Tag Archives: Los Angeles

Goodbye La Junta, hello Amarillo: “Amtrak’s Boardman makes whistle stops in Southwest Chief cities”

Article:  Rail News – Amtrak’s Boardman makes whistle stops in Southwest Chief cities. For Railroad Career Professionals.

As much as I’d like to see the train stay on its present route between Newton, Kans, and Albuequerque, NM, I don’t see how this will work.

BNSF is already to the point where they run so little traffic over it that they are content to let the line slowly degrade.  In a way, this is sad because most of this line was once 90-mph territory thanks to the Automatic Train Stop system installed decades ago.  But the 90-mph speed limit is long gone the ATS having been turned off a few years back.  Almost all of BNSF’s traffic now moves through Woodward, Okla, Amarillo, and on to New Mexico via their “Transcon” that runs from Chicago and Los Angeles.

The cities and counties along the route certainly aren’t in a position to upgrade and maintain the line which means the states would have to kick in.  Colorado is willing, but they want the train to detour from its present route to serve Pueblo and that would add a lot of time to an already long end-to-end trip.

Harland Bartholomew: “Sowing the Seeds of Sprawl” via A Town Square

Bartholomew and Assoc, 1929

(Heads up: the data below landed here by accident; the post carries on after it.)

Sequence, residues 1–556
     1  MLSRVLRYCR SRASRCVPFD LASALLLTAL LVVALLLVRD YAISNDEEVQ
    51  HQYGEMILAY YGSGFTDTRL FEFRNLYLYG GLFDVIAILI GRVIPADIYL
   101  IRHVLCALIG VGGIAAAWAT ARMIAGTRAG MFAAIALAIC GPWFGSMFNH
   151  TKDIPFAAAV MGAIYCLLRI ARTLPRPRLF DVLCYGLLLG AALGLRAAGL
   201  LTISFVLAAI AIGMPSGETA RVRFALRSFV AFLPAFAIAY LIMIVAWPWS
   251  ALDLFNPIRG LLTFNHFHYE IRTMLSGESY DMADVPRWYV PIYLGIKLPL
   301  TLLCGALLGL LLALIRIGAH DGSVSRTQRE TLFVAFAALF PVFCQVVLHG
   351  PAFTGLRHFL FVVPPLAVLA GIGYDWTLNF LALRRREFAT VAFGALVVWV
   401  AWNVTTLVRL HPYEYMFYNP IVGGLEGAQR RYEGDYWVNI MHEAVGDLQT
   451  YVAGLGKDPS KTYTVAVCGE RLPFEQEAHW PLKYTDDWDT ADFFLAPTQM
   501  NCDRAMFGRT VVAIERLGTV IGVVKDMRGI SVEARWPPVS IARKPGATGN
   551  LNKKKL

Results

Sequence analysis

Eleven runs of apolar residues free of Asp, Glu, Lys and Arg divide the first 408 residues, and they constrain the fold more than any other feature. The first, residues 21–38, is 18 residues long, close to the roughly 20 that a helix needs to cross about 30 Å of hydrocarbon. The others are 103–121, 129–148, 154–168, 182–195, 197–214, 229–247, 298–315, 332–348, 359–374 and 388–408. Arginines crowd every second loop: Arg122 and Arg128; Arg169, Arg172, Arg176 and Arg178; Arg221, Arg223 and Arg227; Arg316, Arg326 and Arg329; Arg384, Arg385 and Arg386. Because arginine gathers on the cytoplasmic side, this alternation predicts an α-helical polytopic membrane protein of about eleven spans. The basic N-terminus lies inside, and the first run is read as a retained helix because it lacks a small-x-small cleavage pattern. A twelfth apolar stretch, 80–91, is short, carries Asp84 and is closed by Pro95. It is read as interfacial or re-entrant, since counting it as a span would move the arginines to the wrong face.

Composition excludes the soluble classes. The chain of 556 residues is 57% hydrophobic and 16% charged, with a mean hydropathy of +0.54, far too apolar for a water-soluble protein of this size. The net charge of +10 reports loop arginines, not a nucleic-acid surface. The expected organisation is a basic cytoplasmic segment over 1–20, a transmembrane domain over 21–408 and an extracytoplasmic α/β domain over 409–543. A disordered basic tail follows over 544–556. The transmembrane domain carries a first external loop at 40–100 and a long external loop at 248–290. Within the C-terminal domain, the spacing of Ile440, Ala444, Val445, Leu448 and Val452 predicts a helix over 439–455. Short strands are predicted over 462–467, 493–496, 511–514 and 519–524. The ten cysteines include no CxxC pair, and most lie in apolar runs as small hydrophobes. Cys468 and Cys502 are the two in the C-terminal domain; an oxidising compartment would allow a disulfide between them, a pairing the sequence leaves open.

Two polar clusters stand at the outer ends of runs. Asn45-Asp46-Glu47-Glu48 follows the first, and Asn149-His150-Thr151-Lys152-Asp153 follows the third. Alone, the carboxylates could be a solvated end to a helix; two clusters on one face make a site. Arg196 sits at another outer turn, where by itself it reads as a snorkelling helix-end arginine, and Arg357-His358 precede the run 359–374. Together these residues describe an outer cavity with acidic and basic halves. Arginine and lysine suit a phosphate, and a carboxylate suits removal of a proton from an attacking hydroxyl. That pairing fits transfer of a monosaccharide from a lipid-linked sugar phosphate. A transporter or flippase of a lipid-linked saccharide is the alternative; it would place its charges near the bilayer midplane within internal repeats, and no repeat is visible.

Article: Sowing the Seeds of Sprawl | A Town Square.

Harland Bartholomew was a transportation planner about 90 years ago or so.  He’s blamed by many for the auto-centric planning in many cities.  Certainly, he was commissioned to do “major street plans” for many cities, Oakland, Vancouver, Rochester, N.Y.,  and Los Angeles, among them, but it could be that he was just responding to demand.  After all, look at this:

Bartholomew & Assoc, 1929

No one saw this slowing down (it did … eventually) so it was not an irrational decision to plan for more automobiles and their motorized friends.

But I don’t care:  I like the art!

There is actually a good paper about this – see below.  This is where I first saw the drawings.  You can find the paper if you google around but this link should work if you are .edu.

  1. Jeffrey R. Brown, Eric A. Morris, Brian D. Taylor
    Journal of the American Planning Association
    Vol. 75, Iss. 2, 2009

Photo: Behold, The One-Minute Parking Sign: LAist

Photo: Behold, The One-Minute Parking Sign: LAist.

Dumb?  Sure, but if you actually allowed a little tolerance, I could see where this might keep parking spaces in front of urban take-out spots free of all day parkers.

Of course, it’s much easier to just charge the correct price for the space if that’s the goal.